#6. Professional growth opportunities. Superstars don’t just wake up one day as high performers. They have worked hard to get there. They have taken classes, read books, and participated in peer groups that have challenged them to improve their respective skill-sets. They’re not done. Your best people will want to continue to grow. Encourage their continued growth. The only way your company grows is if your people are growing simultaneously.
#7. Care about them as people. The Gallup survey also identified this factor as critically important in engaging key employees. How much do you know about your best people? Birthdays? Anniversaries? Kid’s names? I suggest you keep a fact sheet on each employee with all of their important personal data. Update it regularly.
One of my members has a monthly one-to-one meeting with each of his direct reports. One rule. No discussion of business. This meeting is all about finding out as much as possible about his employees as people.
#8. Challenge your superstars. The very best employees loved to be challenged. It may be a new job responsibility. You may possibly raise the bar on your expectations for their performance. A learning or growth opportunity. What might create a healthy dose of discomfort for this person? Your enemy here is your employee’s relative state of boredom. Find ways to make their work more challenging.
#9. Autonomy. Daniel Pink in his bestselling book, “Drive”, tells us that the three primary drivers of motivation are “autonomy, mastery, and purpose”. Superstars need space. They need room to perform. That might mean physical space such as a private office or the ability to work from home. It also means non-physical space. No micro-managing. They don’t need it. Set the bar for them and get out of the way.
#10. Fun. Think about when and where you have worked that it was really fun just to show up for work. Fun people. Fun work environment. Fun clients. Now consider where and when you have worked that it wasn’t fun. In fact, it was difficult to go to work. Fridays could not come fast enough and Sunday nights were bad just because they proceeded Monday mornings.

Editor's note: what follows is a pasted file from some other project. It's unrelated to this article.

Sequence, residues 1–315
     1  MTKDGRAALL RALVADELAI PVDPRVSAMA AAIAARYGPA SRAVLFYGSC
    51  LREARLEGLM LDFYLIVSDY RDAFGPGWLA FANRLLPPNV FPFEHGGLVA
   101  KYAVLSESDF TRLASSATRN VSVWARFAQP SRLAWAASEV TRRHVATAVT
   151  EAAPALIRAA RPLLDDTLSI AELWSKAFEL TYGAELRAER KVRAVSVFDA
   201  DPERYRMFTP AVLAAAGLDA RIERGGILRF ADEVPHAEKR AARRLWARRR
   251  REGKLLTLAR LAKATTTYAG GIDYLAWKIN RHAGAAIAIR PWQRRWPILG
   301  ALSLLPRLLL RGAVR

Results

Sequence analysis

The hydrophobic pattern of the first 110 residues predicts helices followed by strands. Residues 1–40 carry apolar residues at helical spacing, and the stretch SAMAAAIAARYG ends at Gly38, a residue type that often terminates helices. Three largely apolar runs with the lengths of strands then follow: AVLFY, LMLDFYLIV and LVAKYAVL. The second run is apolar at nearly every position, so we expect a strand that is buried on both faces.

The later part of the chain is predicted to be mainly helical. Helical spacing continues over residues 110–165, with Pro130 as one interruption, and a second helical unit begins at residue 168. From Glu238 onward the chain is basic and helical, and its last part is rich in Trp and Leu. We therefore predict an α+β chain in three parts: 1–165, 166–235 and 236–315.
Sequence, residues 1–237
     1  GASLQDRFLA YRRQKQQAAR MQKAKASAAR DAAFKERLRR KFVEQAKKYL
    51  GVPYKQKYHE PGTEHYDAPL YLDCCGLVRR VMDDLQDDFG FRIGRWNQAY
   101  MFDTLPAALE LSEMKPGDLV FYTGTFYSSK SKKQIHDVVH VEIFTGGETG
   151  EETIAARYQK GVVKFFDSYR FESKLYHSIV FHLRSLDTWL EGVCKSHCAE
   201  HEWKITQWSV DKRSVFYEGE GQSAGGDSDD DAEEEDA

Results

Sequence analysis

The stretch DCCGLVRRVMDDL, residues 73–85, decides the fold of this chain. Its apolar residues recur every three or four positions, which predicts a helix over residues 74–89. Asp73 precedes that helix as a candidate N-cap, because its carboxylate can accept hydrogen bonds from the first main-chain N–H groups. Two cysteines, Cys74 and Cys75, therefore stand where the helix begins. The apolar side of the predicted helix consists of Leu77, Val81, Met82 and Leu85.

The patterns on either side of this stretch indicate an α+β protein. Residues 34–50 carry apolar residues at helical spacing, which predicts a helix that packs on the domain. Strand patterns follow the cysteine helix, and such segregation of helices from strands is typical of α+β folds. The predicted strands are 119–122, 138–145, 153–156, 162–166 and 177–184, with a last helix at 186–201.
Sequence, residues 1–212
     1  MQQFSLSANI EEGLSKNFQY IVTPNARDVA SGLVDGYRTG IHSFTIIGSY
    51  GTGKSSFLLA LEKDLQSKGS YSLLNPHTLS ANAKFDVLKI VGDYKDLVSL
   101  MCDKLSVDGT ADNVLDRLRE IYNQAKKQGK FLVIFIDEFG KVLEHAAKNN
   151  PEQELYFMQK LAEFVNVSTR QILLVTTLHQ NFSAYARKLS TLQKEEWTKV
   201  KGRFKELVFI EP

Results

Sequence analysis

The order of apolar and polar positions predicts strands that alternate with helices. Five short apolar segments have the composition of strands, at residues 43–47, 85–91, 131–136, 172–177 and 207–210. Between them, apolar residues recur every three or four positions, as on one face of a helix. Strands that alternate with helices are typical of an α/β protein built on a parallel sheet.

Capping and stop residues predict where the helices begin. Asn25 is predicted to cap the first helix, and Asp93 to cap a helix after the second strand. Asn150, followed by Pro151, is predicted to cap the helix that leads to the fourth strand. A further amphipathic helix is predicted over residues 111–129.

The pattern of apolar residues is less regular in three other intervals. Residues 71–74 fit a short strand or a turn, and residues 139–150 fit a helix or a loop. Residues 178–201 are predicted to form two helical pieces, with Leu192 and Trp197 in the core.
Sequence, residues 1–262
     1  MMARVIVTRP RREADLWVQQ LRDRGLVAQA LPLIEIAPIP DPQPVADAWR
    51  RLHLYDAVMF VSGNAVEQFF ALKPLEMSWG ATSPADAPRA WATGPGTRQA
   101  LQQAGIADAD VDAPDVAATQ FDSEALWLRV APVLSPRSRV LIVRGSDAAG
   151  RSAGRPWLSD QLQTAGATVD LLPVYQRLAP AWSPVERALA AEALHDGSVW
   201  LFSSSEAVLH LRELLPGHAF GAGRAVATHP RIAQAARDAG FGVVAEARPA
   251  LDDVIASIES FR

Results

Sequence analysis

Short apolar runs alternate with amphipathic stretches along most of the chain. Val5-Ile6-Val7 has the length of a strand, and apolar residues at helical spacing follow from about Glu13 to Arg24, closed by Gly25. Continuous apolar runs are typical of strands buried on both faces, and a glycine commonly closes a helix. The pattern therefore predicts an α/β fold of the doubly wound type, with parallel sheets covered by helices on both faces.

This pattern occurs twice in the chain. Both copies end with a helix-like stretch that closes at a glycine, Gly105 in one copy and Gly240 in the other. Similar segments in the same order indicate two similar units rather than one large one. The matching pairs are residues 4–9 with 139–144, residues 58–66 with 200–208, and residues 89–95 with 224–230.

What do you do to create a fun work environment for your stars? One of my members has a “fun” bulletin board where any employee can post a picture of himself, other employees, and even family members having fun. Another one of my members has formed a company soccer team and has found that to be great fun for those that play or might just want to watch. How about a monthly luncheon with a guest speaker?
How many of these ten strategies are you using today?
The choice is yours. You can either take a proactive stance to keep your best employees or find yourself reacting to the bad news of a departing superstar. Which one will you choose?
BOOK OF THE MONTH
“Pithy Quotes”, by Bud Carter
I love quotes. I use them for presentations, for my writing, and for my group meetings. Good quotes cause me to reflect, to pause, and sometimes to just smile.
Vistage Chairman Bud Carter has been publishing a terrific book of quotes, “Pithy Quotes”, for ten years. It is the best collection of quotes for business leaders I have ever seen. Many of them have come from Vistage speakers, authors, and even his Vistage members. See examples of several of my favorites below.
Bud was kind enough to share a copy of his popular book with each of the attendees at this year’s Small Business Business Matters conference. Quite a gift.
You can order your copy online at www.businessquotes.com
“The best way to keep a good employee is to fire a bad one.” – Bob Thomson
“Hire slowly, terminate quickly.” – Ed Ryan
“The most expensive time in a manager’s life is the time between when you truly lose faith in someone and you do something about it.” – Jack Daly
“Great minds discuss ideas, average minds discuss events, small minds discuss people.” – Eleanor Roosevelt
VIDEO OF THE MONTH
Company Bids Beloved CEO Adieu in Style
What will your last day at work look like? Watch this video and imagine this happening to you.